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Judge Hears Arguments Over Secret List of Police With Potential Credibility Issues

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Lawyers for a group of newspapers and the ACLU of New Hampshire were in Superior Court on Thursday calling for the release of a secret list of police officers who may have credibility issues. The N.H Attorney General’s office is fighting the release of the so-called “Laurie List,” saying it would violate current state law.

In criminal courts, prosecutors must turn over any evidence that could help exonerate the defendant. In practice, that can include past misconduct by a police officer involved in the case. But since the defense wouldn’t normally have access to an officer’s disciplinary record, the state of New Hampshire, since 1995, has maintained a list of officers with potential credibility issues. When such an officer is involved in a criminal case, the defense gets notified.

The question in this case is if the list, which right now contains the names of roughly 170 New Hampshire police officers, should be made public.

“Frankly, your honor, we think the public interest in disclosure here is obvious,” said ACLU attorney Gilles Bissonnette during a hearing in Nashua.

“We’re dealing with misconduct here that goes to heart of what a police officer does. That police officer’s trustworthiness, and credibility. Character traits that go to the core of an officer’s job functions.”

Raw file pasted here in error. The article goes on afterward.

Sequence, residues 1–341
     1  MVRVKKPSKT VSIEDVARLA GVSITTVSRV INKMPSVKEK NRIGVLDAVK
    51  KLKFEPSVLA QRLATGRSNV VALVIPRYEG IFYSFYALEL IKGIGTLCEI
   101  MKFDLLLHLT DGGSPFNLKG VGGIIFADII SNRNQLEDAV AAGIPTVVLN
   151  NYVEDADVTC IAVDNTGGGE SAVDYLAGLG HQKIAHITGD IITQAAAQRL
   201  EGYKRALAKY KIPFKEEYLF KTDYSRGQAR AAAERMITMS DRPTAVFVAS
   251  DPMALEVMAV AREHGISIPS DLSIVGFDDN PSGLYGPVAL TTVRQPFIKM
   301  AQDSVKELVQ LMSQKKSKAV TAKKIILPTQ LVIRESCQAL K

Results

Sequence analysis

Bissonnette cited possible examples: officers accused of criminal misconduct, dereliction of duty, planting evidence or excessive use of force.

The ACLU is joined in this case by the Center for Public Interest Journalism and newspapers including the Concord Monitor and Union Leader. To them, the seriousness of these allegations should tip the scales in favor of public disclosure under the state’s Right to Know law.  

The Attorney General sees differently. For starters, the AG’s office, while keeper of the “Laurie List,” isn’t the agency that actually adds names to it. That’s done either by a police chief or a county attorney, which, the AG contends, means it’s coming straight out of the officer’s personnel file.

“Per legislative directive, this is strictly confidential stuff,” said state Solicitor General Dan Will.

For Will, that’s what this case centers on: whether or not the “Laurie List” amounts to a personnel record, and therefore is protected from release under current state statute.

“And I think it is indisputable that this list constitutes police personnel file material. That’s exactly what it is,” he told Judge Charles Temple.

After about an hour of oral arguments, the judge said he’s open to seeing more evidence from both sides in writing. No matter how Temple rules, this case could ultimately be decided by the N.H. Supreme Court.

Todd started as a news correspondent with NHPR in 2009. He spent nearly a decade in the non-profit world, working with international development agencies and anti-poverty groups. He holds a master’s degree in public administration from Columbia University.
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